Read this Washington Post story about Cooper Campus sixth grader, Zyah Brown!
“Young, Black and Gifted
Flow so exquisite
Repping D.C. so I’m similar to the Mystics
You want it, come and get it
Break bread, let’s split it
Hustle in my blood, the marathon’s never finished.”
— Fly Zyah
When Zyah tries to make sense of the world — of why a police officer would kneel on George Floyd’s neck, why so many people died of the coronavirus, why police pushed her family and friends — she pulls out her phone, opens the notes app and starts writing lyrics.
At only 11 years old, Zyah is able to sort through complex feelings and translate them into gripping lyrics that speak for a generation of children grappling with the same issues. This thoughtful perspective has resonated beyond her neighborhood, and even the city, providing a window for adults into how it feels to be a child growing up right now.
Zyah has become a fixture in the D.C. music and social justice scenes. Her songs about racism and police violence — and Black joy and Black girlhood — earned her a spot on a list of the Kennedy Center Next 50 cultural leaders. She has performed at the Universal Hip Hop Museum in the Bronx, the Apollo Theater in Manhattan, her school’s winter formal and on flatbed go-go trucks at D.C. protests. She also wrote a play called “Legend” that she hopes to be performing within a year.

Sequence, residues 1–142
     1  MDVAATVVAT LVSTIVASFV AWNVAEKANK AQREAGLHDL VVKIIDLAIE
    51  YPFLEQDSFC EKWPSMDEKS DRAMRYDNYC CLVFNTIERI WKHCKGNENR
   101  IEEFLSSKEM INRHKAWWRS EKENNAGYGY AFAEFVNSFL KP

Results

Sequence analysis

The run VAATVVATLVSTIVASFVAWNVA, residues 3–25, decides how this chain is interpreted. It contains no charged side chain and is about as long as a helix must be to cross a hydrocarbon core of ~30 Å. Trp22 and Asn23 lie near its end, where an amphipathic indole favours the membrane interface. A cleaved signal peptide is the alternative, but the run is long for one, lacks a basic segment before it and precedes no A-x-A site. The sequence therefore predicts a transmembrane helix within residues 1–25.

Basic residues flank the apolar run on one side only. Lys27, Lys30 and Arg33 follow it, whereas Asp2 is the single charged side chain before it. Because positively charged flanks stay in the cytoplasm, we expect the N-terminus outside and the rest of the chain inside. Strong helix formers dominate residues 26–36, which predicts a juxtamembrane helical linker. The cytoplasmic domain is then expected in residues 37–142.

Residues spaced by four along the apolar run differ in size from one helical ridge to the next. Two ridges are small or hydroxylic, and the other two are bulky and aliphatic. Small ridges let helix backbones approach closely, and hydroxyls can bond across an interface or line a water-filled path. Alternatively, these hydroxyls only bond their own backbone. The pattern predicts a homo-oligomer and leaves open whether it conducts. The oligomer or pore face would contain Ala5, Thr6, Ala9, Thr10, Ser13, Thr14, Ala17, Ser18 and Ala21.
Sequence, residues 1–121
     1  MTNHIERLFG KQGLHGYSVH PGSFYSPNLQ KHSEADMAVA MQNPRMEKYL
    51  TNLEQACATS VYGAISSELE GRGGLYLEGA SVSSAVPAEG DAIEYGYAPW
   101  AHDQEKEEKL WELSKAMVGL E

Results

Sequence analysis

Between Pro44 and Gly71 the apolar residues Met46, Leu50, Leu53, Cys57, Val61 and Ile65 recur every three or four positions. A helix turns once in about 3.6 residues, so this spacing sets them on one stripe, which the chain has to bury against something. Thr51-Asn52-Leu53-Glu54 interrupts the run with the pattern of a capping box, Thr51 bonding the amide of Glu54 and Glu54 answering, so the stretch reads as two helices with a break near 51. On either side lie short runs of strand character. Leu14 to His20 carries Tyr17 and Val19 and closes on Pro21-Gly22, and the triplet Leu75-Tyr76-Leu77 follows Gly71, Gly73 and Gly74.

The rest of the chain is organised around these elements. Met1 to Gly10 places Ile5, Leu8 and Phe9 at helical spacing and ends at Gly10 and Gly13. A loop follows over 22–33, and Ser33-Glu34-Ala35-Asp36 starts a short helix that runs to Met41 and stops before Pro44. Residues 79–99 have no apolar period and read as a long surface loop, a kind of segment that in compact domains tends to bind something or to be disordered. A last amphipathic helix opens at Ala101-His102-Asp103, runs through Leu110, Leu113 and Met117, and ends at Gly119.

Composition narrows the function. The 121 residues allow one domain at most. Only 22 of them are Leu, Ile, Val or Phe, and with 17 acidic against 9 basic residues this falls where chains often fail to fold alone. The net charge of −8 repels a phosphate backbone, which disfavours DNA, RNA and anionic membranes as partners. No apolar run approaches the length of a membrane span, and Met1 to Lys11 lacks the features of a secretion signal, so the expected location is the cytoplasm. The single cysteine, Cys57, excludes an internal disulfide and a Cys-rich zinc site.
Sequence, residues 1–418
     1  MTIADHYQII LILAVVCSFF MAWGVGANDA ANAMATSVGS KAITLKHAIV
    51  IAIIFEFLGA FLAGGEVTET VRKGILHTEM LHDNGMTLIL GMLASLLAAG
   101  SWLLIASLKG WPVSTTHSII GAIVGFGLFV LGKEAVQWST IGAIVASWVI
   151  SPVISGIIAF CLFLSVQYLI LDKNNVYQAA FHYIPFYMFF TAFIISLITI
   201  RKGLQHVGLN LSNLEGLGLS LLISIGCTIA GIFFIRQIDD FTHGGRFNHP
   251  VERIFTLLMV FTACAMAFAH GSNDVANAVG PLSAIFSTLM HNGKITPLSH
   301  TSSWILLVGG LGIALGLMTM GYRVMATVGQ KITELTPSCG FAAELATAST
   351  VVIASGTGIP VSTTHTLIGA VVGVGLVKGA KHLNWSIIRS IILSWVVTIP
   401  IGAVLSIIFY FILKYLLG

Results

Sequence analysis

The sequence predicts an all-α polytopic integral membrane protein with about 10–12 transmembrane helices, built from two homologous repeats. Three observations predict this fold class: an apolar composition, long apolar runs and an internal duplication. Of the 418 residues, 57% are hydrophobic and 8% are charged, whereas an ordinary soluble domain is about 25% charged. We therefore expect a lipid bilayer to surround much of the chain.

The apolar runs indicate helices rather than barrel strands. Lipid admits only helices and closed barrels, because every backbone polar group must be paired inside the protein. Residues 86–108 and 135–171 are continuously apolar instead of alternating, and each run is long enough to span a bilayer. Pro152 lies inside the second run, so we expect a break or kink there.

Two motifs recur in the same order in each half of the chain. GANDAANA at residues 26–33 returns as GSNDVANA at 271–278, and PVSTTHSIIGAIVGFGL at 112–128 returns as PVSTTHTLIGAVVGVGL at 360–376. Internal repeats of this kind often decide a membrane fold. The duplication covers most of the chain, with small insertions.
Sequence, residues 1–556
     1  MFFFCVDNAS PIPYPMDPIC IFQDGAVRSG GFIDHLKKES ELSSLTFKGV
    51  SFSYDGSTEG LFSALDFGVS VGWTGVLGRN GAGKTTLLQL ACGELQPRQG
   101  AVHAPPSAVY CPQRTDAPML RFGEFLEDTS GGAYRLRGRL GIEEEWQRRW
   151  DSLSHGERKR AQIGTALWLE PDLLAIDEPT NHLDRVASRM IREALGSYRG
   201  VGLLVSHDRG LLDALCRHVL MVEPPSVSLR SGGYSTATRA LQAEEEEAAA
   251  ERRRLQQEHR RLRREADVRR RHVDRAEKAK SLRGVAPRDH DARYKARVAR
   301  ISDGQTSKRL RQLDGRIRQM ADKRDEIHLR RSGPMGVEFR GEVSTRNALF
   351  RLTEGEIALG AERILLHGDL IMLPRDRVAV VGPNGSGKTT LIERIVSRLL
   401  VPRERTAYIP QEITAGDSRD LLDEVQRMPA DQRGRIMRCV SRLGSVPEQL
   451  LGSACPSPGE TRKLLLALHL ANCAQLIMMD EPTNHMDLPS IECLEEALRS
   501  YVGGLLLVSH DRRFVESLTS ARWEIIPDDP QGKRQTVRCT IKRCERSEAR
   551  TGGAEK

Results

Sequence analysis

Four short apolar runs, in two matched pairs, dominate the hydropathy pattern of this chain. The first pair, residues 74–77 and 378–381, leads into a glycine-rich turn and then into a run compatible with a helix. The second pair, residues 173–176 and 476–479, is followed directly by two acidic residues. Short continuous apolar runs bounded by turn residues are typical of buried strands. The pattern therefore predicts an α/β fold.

“She could have just been another little Black girl in D.C., because she does have the odds against her, but she refused to accept the odds,” said longtime local organizer Nee Nee Taylor. “She knows she’s a winner and she has a gift.”
Her parents manage her career, attending all of her shows and taking along her 6-year-old sister, Morghan, when they can. Her father wrote the lyrics for her debut song as a 2-year-old, “Peanut Butter Remix,” which was set to the beat of “Truffle Butter,” by Nicki Minaj, Drake and Lil Wayne. By the time Zyah was in the first grade, she was writing her own songs, her mother said.
In school, Zyah grew to love Latin class and found that learning new words and phrases expanded her English vocabulary and improved her songwriting. When she is deep into writing lyrics and stumped, she turns to RhymeZone, a website where she can input a word and see a list of rhymes, synonyms, antonyms, similar sounding words and more.
But her favorite class is civics, she said, referring to herself as a “civics class fanatic.” She’s her homeroom president at the Washington Latin Public Charter School, and she plans to be the actual president — of the United States — one day. “We’re still following old White men’s rules,” said Zyah, who lives with her family in Northeast Washington. “I don’t really like the fact that we’re still going off of that … when we have all these resources to make the world a better place.” She watches the news with her parents, who try to answer her questions with honesty. During the height of the pandemic, she started asking, “Why don’t some people like Black people?” Those questions, and her parents’ answers, fuel her music.